To examine more closely the potential role of the amyloid structure in ZP-N domain function, we used AmylPred 2 to identify amyloidogenic sites in the ZP-N domains from mouse ZP1, ZP2 and ZP3 as well as in abalone VERL ZP-N repeat 10 and the ZP-N like domain in yeast α-agglutinin/Sag 1p. As shown in Fig 4C, despite low sequence similarity, there was a conservation of sites throughout the ZP-N domain that were predicted to form amyloid across all species suggesting the ability to adopt an amyloid structure may be integral for ZP-N domain function. In particular, the crystal structure of the ZP-N domain of mouse ZP3 strongly predicts the E’-F-G extension to be involved in protein-protein interactions . The presence of multiple amyloidogenic sites in the E’-F-G extension and their conservation in yeast, abalone, and mouse ZP-N domains suggests that the amyloid structure may participate in these interactions. Furthermore, previous studies have suggested that amino acids that are essential for yeast α-agglutinin to bind to a-agglutinin are located on the same face of the ZP-N fold as ZP2 residues involved in binding to sperm . It is intriguing that in both mouse ZP2 ZP-N1 and α-agglutinin these binding sites, as indicated by asterisks in Fig 4C, map to sequences that are predicted to form amyloid suggesting a possible role for amyloid in gamete recognition and parallel processes in yeast.
Evolutionary conservation of amyloidogenic propensity in egg coat/ZP protein polymerization domain
A species comparison of egg coat/ZP proteins from abalone, fish, frog, quail, rat, and human demonstrated that they all shared a ZP polymerization domain . Although the overall sequence homology was relatively low between the six taxa, they all shared eight cysteine residues found in ZP type I domain proteins such as mouse ZP3. Based on previous work suggesting that the egg coats surrounding fish and silk moth oocytes were functional amyloids [12–14], we used Amylpred2 to examine the ZP polymerization domain from ZP3 and the homologs of ZP3 in the taxa studied previously, with mouse replacing the rat, to determine if the propensity to form amyloid was conserved in egg coats/ZP between invertebrates and vertebrates. Furthermore, the ZP-N domain of yeast protein α-agglutinin, was also included for comparison . As shown in Fig 5, throughout the ZP polymerization domain there was a notable conservation between all six taxa from abalone to human in the regions of the ZP domain that were predicted to form amyloid. In particular, this included a conservation of the amyloidogenic properties of the amino acids comprising the IHP, which is located at the ZP3 dimer interphase, and which was shown to be essential for mouse ZP3 fibril assembly [8, 35]. Although structural studies of chicken ZP3 revealed that the IHP comprises the A β-strand of the ZP-C domain , which is lacking in yeast, the presence of a region analogous to the IHP in yeast α-agglutinin and its conserved amyloidogenic properties suggests this stretch of amino acids may also be functionally important for α-agglutinin structure. The amyloidogenic properties of the amino acids forming the ZP-N F’β-strand and the ZP-C E’ β-strand, whose interactions formed the antiparallel β-sandwich of the chicken ZP3 homodimer, were also conserved across several species. However, although the amino acids forming the ZP-C E’ β-strand were predicted to form amyloid in all taxa except abalone, those composing the F’ β-strand were predicted to be amyloidogenic only from frog to human ZP3. Amino acids forming the external hydrophobic patch (EHP), which comprise the G β-strand of the ZP-C domain, also exhibited conserved amyloidogenic properties across species (Fig 5). Although the EHP does not participate in the formation of the ZP fibril, the EHP has been proposed to function as a mediator of ZP3 fibril assembly by binding to and inhibiting IHP interactions thereby preventing premature polymerization .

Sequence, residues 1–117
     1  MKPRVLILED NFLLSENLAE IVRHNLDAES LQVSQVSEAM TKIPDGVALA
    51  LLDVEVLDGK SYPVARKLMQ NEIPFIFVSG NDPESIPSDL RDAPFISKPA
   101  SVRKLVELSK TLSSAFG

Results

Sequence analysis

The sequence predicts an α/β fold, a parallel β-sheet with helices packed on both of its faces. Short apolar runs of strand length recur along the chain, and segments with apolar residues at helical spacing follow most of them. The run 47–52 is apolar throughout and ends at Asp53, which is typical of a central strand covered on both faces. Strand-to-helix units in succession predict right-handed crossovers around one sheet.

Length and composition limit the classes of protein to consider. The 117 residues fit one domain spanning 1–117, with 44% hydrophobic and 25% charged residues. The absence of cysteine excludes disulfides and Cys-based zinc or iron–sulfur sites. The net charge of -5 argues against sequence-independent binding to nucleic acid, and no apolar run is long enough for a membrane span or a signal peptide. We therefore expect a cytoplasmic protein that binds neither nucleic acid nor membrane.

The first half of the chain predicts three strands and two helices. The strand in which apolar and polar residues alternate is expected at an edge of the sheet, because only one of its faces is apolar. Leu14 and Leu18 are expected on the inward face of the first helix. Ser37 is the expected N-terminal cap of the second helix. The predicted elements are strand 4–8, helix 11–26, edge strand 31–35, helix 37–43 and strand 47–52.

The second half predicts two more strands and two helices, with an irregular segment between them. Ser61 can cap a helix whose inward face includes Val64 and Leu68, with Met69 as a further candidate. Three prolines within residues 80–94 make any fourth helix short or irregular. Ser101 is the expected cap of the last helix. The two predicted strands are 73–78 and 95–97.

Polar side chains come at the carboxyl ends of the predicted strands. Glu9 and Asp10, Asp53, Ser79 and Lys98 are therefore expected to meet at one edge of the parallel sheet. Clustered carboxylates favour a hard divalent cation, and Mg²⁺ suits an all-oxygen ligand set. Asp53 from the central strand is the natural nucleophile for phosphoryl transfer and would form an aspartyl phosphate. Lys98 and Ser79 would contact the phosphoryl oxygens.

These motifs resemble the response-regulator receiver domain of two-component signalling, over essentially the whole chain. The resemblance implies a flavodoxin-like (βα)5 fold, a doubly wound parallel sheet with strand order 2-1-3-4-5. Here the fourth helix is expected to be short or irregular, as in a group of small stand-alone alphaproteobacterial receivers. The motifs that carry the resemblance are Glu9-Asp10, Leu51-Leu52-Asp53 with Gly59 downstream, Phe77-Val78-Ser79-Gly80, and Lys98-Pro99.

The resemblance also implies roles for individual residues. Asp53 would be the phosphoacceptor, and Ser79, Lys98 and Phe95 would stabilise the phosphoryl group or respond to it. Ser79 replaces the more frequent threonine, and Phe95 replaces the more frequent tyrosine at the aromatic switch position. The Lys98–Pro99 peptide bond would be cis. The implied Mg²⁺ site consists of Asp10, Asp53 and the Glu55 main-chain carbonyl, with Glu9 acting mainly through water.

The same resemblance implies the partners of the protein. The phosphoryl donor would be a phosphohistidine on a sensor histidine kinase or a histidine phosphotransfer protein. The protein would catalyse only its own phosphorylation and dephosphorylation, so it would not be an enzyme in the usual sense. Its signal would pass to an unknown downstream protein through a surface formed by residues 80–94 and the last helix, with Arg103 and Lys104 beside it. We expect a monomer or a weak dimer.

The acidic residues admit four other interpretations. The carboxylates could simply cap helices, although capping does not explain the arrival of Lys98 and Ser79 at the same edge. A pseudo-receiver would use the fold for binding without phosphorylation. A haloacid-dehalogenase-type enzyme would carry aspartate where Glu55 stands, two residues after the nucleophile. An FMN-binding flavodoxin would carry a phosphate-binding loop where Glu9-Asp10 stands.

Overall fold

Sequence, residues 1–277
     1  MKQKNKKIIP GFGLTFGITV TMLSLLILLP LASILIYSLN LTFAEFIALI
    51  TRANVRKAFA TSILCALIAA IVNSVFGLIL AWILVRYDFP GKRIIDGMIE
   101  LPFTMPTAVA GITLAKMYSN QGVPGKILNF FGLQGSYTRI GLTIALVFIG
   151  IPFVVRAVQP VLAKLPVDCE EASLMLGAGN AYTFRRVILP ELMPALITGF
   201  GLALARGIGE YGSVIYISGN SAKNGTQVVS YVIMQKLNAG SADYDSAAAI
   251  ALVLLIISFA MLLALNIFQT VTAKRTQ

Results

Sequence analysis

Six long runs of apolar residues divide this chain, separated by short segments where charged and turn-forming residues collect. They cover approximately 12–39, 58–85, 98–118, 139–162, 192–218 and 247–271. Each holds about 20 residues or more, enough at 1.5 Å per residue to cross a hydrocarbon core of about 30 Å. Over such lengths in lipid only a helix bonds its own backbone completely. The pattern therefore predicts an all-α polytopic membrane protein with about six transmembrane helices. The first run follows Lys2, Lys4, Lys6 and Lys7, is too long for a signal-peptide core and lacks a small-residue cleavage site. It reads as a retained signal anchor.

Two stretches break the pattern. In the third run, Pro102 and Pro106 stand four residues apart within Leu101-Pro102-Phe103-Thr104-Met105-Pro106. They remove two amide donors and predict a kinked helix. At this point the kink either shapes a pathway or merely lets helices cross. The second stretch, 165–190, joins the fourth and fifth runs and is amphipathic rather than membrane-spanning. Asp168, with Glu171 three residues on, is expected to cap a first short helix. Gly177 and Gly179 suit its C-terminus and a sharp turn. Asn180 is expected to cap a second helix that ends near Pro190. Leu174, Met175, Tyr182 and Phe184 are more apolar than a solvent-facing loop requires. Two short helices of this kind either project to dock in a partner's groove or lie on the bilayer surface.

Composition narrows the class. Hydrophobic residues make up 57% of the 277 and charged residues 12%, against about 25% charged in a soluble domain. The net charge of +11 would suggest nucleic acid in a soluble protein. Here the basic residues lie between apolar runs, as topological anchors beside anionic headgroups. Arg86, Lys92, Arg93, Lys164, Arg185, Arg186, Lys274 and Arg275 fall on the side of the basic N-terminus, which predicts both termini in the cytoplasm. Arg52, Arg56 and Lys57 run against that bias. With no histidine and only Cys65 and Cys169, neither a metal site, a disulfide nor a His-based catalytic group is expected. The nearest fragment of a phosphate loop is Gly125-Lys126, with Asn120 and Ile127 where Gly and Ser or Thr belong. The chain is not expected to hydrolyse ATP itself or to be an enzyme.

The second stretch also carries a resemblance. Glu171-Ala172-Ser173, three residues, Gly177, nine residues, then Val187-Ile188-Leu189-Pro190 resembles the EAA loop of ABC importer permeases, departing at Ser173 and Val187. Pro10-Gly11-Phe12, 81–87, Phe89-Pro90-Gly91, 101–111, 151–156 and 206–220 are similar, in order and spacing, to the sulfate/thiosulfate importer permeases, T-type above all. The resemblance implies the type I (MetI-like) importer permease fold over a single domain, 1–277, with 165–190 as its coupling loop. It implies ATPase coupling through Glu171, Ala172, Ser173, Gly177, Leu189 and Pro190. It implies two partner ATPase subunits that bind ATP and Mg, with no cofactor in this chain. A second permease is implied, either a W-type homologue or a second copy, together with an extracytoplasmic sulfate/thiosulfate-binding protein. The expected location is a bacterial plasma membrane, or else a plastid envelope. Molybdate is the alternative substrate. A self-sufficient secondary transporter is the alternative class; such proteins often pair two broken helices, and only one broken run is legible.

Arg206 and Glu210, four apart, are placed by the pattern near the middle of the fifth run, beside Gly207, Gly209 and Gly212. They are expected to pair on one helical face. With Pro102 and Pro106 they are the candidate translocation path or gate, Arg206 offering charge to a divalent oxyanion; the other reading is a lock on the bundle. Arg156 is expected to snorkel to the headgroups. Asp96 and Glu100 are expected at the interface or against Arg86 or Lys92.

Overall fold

Structure based sequence alignment of the ZP polymerization domain of mouse ZP3 and ZP3/egg coat homologs from Haliotis rufescens (red abalone) vitelline envelope receptor of lysin (VERL repeat 23), Oncorhynchus mykiss (rainbow trout) vitelline envelope protein gamma, Xenopus laevis (frog) gp41, Coturnix japonica (Japanese quail) glycoprotein C and human ZP3 with the amyloidogenic sites as predicted by AmylPred2 indicated by blue highlighting. The ZP-N domain in Saccharomyces cerevisiae α-agglutinin/Sag 1 is also shown with its predicted amyloidogenic sites. Cysteine residues are noted by black boxes. The internal hydrophobic patch (IHP) is indicated by a red box and the external hydrophobic patch (EHP) is noted by the blue box . The β-strand secondary structure based on the structure of chicken ZP3 is noted by orange bars (ZP-N subdomain) and green bars (ZP-C subdomain) .